In Freakonomics, we wrote about how the black-white gap in America exists not only in vital matters like education, income, and health but in seemingly trivial matters like baby names and preferences in TV shows.
With that in mind, it’s interesting to take a look at a new poll by Public Policy Polling (PDF; Yahoo! writeup) about Americans’ football preferences. The headline finding is that the Green Bay Packers are now “America’s team,” with 22 percent of respondents listing the Packers as their favorite team. (I have a feeling that winning the Super Bowl last year and going 12-0 to start this season had a little something to do with that; let’s see what the poll shows this time next year.) But PPP also asked the 700+ respondents their race, gender, and voting ideology, and it’s interesting to see how the favorability rating of individual players varies.
Here, for instance, is an overall snapshot of quarterback favorability — in alphabetical order, with Tim Tebow coming out on top with 15% of the vote (he’s had a lot of free publicity lately), trailed by Eli Manning with 14%. Keep in mind, however, that respondents could pick only one quarterback, so the vote was deeply split:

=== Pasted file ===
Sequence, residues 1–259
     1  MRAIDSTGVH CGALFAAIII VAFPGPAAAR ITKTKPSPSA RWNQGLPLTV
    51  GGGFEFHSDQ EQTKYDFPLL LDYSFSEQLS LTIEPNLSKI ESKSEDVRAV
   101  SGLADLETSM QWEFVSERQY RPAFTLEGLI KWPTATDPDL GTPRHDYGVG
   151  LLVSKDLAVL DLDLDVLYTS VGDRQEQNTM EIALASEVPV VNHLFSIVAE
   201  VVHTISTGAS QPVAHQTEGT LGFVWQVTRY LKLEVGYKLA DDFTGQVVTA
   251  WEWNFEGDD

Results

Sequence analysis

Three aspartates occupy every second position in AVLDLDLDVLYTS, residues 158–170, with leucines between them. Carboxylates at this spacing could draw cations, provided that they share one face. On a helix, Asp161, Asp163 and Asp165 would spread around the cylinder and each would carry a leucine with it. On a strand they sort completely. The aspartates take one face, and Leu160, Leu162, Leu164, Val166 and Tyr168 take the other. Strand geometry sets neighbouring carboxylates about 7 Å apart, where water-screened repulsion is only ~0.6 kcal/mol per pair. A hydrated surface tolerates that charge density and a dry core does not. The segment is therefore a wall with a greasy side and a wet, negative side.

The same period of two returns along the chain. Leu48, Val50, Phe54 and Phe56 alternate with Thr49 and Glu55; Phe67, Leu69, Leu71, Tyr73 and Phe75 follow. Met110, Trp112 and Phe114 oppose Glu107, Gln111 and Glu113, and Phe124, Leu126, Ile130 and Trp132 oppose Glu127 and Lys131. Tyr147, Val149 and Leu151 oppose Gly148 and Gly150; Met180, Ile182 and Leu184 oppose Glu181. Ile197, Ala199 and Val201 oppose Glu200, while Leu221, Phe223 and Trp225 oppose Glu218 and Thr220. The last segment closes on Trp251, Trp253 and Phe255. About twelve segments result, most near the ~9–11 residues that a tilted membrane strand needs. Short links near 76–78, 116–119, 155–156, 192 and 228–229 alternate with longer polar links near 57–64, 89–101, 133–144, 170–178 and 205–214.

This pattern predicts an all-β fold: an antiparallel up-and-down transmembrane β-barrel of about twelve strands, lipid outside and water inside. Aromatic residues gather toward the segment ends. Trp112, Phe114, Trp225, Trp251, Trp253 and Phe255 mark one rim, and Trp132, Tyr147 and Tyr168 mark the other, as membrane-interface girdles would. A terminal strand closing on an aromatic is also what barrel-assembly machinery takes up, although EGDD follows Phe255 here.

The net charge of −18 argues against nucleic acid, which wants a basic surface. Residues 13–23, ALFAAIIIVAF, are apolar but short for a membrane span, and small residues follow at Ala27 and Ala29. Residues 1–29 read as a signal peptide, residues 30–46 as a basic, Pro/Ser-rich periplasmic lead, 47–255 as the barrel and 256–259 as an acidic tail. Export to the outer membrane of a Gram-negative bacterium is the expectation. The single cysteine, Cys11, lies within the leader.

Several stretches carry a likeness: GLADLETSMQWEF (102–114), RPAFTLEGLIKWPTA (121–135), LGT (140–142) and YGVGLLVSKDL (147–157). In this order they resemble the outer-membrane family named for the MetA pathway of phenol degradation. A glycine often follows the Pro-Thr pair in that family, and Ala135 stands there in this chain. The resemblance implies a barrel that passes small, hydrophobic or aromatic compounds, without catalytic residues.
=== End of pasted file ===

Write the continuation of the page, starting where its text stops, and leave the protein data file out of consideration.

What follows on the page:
As you can see, Tebow gets lopsided support from Republicans (27%) versus Democrats (9%). And on the flipside, Michael Vick gets a 12% vote from Democrats and only 2% from Republicans.
That said, Tebow’s appeal is fairly consistent across races:
Vick’s appeal, meanwhile, is wildly split between blacks and whites, with 75% of blacks giving him a thumbs-up versus only 16% of whites:
If you were a political operative trying to identify from these data which NFL quarterback might have great electoral appeal after his playing days, it’d be hard to do better across the board than Eli Manning’s big brother Peyton. Here are his favorability numbers broken down by voting ideology, race, and gender:
Wouldn’t these numbers make a political operative drool? Manning’s neck injury has been terrible news for the Colts this season, but it doesn’t seem to have hurt his favorability ratings one bit. I have no idea if he would be the least bit competent as an elected official but I can certainly see him getting a chance to find out …